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MS Access 2010 - Scheduling a table for automatic update every day

Posted on 2012-03-24
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Last Modified: 2012-03-28
I have a table that I need to update (append records) daily from a delimited text file.  I know how to do this with a form button that runs VBA code, but I would like to schedule this task to run automatically every day.  I am not a programmer or advanced user, so I could use some help.    Any ideas?
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Question by:WallyTee
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Accepted Solution

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Jeffrey Coachman earned 400 total points
ID: 37761122
The issue of doing anything "Daily/automatically" is fraught with "gotchas"

What if the machine is turned off (or sleep, or hibernating)
What if the append fails? (Got "rollbacks" and "Iron-clad" error handling?)
What if the code is run twice (or not at all) by accident because of a date/time reset or glitch (ex.: daylight savings time)

In any event... you would create a macro that runs this procedure ("mcrAppend")
Then you would create a task in the Windows task scheduler.
...and have something like this as the command:

"C:\Program Files\Microsoft Office\Office12\MSAccess.exe" "c:\YourFolder\Yourdatabase.accdb" /x mcrAppend

Then set your scheduling as needed

JeffCoachman
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LVL 57
ID: 37761146
<<What if the machine is turned off (or sleep, or hibernating)
What if the append fails? (Got "rollbacks" and "Iron-clad" error handling?)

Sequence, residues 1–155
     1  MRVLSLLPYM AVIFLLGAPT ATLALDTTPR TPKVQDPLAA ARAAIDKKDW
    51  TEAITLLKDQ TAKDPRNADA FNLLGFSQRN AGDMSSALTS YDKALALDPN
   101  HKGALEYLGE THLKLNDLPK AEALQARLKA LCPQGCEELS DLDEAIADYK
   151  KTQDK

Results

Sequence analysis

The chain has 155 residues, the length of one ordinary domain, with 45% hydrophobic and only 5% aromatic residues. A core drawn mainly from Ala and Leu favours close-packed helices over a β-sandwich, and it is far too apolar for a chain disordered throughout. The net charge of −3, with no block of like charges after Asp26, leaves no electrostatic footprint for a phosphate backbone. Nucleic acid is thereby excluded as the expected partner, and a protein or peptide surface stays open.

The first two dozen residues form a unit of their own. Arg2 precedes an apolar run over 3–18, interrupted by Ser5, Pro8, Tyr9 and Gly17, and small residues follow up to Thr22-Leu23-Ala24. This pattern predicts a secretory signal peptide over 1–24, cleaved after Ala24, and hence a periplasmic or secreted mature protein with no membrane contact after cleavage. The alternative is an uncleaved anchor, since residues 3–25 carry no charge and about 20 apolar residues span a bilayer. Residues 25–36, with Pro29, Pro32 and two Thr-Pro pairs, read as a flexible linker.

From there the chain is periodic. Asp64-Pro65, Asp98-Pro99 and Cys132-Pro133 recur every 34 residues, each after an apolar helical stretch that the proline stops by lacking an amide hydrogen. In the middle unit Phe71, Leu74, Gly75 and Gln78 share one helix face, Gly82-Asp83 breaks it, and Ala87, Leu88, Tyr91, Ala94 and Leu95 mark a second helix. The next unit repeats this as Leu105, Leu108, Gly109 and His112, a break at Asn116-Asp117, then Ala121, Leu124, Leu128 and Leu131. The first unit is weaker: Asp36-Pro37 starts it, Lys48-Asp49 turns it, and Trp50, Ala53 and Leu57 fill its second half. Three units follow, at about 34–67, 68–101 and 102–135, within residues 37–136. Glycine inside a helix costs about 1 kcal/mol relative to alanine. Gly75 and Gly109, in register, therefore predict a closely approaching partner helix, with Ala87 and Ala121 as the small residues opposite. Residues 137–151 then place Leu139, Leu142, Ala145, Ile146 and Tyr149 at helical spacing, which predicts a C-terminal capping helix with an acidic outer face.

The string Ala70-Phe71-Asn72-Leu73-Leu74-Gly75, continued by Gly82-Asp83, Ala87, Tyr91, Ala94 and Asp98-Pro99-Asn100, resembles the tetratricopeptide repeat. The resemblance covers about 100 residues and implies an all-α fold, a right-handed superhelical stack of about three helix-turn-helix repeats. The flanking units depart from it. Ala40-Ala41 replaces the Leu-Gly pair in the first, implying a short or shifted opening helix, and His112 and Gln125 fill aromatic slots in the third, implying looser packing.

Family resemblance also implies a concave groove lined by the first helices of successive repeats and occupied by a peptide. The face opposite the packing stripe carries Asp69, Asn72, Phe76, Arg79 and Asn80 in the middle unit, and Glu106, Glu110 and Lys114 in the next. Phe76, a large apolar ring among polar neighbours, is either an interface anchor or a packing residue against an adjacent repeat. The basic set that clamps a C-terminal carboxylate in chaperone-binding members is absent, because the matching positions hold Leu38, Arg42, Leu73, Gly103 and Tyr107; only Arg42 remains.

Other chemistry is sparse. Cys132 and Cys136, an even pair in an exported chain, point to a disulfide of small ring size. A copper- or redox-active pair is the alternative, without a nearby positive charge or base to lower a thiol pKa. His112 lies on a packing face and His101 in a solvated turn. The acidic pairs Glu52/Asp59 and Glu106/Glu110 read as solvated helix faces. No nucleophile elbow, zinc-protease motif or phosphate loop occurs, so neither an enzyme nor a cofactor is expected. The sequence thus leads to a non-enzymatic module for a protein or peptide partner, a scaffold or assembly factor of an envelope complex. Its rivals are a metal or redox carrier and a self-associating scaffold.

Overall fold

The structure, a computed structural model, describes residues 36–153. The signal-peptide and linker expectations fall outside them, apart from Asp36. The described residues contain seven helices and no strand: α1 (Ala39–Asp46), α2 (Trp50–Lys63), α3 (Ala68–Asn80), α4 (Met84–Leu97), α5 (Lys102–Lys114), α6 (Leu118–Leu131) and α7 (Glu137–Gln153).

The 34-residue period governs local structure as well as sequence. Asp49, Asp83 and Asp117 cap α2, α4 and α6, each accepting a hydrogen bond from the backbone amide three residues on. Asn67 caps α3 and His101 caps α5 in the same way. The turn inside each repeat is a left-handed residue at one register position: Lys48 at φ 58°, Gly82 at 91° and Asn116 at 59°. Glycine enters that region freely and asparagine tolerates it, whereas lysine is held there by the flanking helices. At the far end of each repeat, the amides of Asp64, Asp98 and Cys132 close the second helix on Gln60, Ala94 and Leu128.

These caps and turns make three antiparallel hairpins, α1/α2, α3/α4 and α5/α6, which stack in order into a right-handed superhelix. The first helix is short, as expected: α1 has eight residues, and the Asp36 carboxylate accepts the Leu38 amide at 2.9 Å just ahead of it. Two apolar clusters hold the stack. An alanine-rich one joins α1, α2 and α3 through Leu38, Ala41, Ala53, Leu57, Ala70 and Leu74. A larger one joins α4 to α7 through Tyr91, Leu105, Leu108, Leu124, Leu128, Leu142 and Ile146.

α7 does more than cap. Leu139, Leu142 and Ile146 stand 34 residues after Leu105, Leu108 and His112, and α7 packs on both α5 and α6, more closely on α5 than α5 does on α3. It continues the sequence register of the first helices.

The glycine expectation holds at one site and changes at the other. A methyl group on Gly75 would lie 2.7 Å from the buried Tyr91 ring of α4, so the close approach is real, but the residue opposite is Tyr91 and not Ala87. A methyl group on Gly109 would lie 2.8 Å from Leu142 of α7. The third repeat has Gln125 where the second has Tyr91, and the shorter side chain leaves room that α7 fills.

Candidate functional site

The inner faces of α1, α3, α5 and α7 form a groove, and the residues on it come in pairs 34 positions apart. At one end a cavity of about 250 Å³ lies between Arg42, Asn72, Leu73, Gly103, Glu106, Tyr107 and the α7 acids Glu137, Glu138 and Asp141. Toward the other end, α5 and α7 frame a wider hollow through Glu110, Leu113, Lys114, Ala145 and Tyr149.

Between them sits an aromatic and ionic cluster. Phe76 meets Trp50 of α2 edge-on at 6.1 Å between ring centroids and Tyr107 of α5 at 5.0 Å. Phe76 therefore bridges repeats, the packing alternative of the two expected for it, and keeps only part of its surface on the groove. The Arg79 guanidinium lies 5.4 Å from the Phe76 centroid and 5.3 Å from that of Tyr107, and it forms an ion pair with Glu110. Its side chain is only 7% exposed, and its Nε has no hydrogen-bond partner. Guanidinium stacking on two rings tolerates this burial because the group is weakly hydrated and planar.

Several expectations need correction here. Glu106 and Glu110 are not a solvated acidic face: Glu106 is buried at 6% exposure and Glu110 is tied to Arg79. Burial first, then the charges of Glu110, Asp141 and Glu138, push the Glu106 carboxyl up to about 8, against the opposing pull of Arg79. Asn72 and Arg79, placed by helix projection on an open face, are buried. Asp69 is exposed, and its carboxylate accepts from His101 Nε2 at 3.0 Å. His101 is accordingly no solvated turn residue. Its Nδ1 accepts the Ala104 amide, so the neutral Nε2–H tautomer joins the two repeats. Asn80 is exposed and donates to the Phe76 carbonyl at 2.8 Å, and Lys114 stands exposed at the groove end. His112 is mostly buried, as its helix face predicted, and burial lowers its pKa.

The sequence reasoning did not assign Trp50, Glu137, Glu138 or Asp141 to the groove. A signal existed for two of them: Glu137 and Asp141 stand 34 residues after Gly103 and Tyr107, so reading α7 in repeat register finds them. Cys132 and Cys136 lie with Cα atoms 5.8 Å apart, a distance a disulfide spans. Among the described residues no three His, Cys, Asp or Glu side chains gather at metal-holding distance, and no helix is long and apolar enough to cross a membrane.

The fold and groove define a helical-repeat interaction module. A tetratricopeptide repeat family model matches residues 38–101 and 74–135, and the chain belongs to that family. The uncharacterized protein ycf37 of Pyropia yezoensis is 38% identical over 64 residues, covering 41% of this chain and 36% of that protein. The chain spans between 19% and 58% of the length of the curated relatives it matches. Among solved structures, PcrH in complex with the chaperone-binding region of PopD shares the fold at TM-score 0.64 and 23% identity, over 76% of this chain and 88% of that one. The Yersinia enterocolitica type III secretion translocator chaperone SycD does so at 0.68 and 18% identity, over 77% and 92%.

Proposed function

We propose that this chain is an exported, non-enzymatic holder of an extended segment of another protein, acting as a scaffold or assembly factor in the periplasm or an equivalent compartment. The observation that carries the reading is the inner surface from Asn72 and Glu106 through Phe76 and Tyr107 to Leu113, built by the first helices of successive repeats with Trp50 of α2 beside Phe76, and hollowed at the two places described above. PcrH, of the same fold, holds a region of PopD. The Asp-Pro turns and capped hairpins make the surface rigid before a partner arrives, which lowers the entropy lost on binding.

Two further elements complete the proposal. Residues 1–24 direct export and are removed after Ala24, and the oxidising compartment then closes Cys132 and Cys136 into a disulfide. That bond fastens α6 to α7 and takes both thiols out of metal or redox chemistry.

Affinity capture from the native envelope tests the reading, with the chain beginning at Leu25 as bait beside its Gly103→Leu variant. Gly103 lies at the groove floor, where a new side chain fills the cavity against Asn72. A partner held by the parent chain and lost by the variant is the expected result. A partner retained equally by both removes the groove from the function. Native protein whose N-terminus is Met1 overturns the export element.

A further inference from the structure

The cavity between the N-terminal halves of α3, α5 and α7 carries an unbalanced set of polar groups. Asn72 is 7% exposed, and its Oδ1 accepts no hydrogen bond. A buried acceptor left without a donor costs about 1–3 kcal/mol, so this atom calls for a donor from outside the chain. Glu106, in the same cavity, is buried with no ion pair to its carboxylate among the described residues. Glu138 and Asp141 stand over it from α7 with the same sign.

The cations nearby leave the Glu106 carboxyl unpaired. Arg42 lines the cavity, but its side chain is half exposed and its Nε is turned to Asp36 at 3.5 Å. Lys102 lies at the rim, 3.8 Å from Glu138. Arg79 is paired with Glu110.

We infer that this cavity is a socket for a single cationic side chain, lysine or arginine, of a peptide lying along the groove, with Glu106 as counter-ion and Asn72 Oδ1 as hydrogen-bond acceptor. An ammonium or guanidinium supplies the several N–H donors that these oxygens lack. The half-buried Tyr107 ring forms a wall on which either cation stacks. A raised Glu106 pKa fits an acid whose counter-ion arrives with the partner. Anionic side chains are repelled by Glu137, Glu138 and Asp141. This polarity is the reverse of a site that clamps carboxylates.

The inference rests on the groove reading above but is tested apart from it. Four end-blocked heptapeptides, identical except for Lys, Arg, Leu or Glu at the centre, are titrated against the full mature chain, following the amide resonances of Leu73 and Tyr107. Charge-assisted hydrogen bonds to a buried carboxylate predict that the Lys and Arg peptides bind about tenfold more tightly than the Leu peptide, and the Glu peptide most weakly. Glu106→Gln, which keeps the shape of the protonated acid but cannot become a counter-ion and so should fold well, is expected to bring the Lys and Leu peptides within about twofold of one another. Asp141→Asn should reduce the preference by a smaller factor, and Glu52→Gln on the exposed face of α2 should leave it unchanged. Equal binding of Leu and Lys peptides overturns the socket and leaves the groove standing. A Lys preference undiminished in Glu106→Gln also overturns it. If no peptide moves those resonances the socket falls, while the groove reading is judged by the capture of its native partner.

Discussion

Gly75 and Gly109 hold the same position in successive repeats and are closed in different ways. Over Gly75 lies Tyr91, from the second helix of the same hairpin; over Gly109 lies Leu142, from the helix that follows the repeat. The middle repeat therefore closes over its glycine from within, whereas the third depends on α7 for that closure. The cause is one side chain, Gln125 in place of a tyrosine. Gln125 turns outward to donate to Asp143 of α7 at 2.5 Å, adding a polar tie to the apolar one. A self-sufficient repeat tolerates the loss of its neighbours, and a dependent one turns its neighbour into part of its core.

What if the code is run twice (or not at all) by accident because of a date/time reset or glitch (ex.: daylight savings time)
>>

 As Jeff has said, you need to think about a few things.  Best setup I've found is to use windows Task scheduler, using the macro switch or /cmd switch to pass arguments to the app to control it's processing.

 You can of course just write a small DB that does nothing but run the import.  Call your function from the autoexec macro, which will run automatically if it exists and you do nothing at the command line when opening the DB (or put the call in a startup form).

Jim
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Author Closing Comment

by:WallyTee
ID: 37761153
Got it Jeff.  Thanks for the solution AND the warning about possible glitches.  Fortunately, this little process is not really critical.  Nevertheless, we'll be as careful and alert as we can.

Many thanks for all your help.  You've been great, and I've learned a lot.  You certainly motivated me to learn how to use VBA.  (Most of the DB work I have done up to this point has been very rudimentary.)    WallyTee
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Author Comment

by:WallyTee
ID: 37761157
Hi Jim ---- thanks to you too.  I really appreciate it.   WallyTee
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LVL 74

Expert Comment

by:Jeffrey Coachman
ID: 37761241
Yes,
Jim is great at "Rounding Out" other Experts comments...
(especially mine.)